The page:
17 June 1998
TB Bacillus Stands Revealed
We know the killer's social background - and now we have its genetic fingerprint. Six years of research has come good in revealing the blueprint of the TB bacterium, first isolated over a century ago when tuberculosis was more coyly called consumption.
Once linked with languishing and lasciviousness, TB has long lost its "romantic" image as the disease of the pale and interesting. It kills three million a year, and has made a far from glamorous comeback in countries like Britain, as the bacillus homes in on the homeless and poorly housed. The latest work on its genetic make-up should help devise medical ways to combat it, by improved preventive vaccination and treatment.
The decoding of the complete genome sequence, by Stewart Cole's team at the Pasteur Institute in Paris and Bert Barell at the Sanger Centre in Cambridge, England, reveals the functions of the 4 000 genes in mycobacterium tuberculosis. The results are published in the June 11 issue of Nature.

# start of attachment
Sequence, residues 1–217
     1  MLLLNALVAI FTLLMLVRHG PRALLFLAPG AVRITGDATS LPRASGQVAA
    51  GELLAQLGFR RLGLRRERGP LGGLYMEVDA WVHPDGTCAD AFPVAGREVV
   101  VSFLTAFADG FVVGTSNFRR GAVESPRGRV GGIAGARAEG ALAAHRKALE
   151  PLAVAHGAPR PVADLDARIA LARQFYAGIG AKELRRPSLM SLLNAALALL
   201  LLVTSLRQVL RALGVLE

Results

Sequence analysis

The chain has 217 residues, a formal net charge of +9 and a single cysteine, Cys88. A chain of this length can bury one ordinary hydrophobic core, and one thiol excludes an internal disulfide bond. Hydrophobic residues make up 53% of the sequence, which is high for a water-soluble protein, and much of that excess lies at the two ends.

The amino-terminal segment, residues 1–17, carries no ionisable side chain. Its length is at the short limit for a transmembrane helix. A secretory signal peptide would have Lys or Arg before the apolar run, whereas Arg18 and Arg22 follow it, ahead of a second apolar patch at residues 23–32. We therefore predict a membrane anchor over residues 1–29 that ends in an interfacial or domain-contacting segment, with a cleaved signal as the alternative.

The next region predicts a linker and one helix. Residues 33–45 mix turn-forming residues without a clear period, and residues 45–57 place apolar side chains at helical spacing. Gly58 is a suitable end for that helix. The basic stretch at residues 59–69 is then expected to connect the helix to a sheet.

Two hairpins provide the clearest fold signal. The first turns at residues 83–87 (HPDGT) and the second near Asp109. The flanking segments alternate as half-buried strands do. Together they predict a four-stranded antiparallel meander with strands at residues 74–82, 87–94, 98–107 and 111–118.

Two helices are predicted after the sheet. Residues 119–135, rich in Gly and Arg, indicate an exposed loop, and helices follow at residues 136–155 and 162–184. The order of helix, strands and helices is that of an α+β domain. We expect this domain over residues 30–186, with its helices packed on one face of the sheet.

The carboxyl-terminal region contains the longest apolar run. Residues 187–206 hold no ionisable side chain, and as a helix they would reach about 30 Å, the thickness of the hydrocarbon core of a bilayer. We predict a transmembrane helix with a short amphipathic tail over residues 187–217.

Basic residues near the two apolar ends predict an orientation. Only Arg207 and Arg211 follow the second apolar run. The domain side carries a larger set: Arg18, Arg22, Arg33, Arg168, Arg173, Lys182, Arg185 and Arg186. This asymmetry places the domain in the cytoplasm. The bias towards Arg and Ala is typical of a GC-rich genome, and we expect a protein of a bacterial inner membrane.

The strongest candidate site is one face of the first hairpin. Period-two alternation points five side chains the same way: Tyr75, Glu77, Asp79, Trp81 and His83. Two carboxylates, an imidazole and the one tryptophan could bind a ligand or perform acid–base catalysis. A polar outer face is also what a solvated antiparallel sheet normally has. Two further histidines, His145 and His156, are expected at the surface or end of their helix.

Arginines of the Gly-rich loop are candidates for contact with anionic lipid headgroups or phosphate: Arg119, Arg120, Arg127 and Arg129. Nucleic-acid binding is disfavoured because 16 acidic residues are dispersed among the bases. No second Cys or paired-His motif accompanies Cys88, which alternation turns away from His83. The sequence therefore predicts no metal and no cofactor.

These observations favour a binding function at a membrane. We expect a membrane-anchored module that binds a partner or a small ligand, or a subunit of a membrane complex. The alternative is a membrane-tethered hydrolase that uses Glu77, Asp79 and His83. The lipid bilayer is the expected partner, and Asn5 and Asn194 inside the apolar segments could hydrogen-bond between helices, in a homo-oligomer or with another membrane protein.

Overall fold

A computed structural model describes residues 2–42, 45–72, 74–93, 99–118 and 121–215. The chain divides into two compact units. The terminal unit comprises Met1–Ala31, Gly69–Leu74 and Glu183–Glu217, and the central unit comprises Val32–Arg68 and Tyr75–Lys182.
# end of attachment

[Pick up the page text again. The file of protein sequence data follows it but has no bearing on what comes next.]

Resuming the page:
Many of its genes are apparently devoted to producing enzymes which enable it to get energy from the fat in infected body cells. Its cell wall acts as a barrier to a large number of antibiotics, but the detailed genetic information about its structure and resistance mechanisms should help develop ways to combat the disease. Of particular assistance may be the discovery of the unexpected presence of two families of glycine-rich proteins, codenamed PE and PPE.
For researchers, the challenge now is to use this information to create more effective anti-TB drugs and identify antigens which could be used in a vaccine.